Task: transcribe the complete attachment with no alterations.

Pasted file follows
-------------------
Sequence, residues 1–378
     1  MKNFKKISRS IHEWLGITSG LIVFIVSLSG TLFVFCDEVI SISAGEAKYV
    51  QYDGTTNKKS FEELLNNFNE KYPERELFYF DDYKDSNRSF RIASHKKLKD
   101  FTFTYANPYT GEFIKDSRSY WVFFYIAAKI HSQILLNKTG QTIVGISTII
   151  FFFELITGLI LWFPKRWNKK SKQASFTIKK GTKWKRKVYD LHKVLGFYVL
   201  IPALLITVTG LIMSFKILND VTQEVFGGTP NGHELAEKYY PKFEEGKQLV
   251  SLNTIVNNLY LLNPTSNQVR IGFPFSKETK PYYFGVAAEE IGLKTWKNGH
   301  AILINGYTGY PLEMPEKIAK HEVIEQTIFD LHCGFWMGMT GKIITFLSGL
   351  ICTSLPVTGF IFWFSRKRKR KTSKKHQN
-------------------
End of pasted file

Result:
Sequence, residues 1–378
     1  MKNFKKISRS IHEWLGITSG LIVFIVSLSG TLFVFCDEVI SISAGEAKYV
    51  QYDGTTNKKS FEELLNNFNE KYPERELFYF DDYKDSNRSF RIASHKKLKD
   101  FTFTYANPYT GEFIKDSRSY WVFFYIAAKI HSQILLNKTG QTIVGISTII
   151  FFFELITGLI LWFPKRWNKK SKQASFTIKK GTKWKRKVYD LHKVLGFYVL
   201  IPALLITVTG LIMSFKILND VTQEVFGGTP NGHELAEKYY PKFEEGKQLV
   251  SLNTIVNNLY LLNPTSNQVR IGFPFSKETK PYYFGVAAEE IGLKTWKNGH
   301  AILINGYTGY PLEMPEKIAK HEVIEQTIFD LHCGFWMGMT GKIITFLSGL
   351  ICTSLPVTGF IFWFSRKRKR KTSKKHQN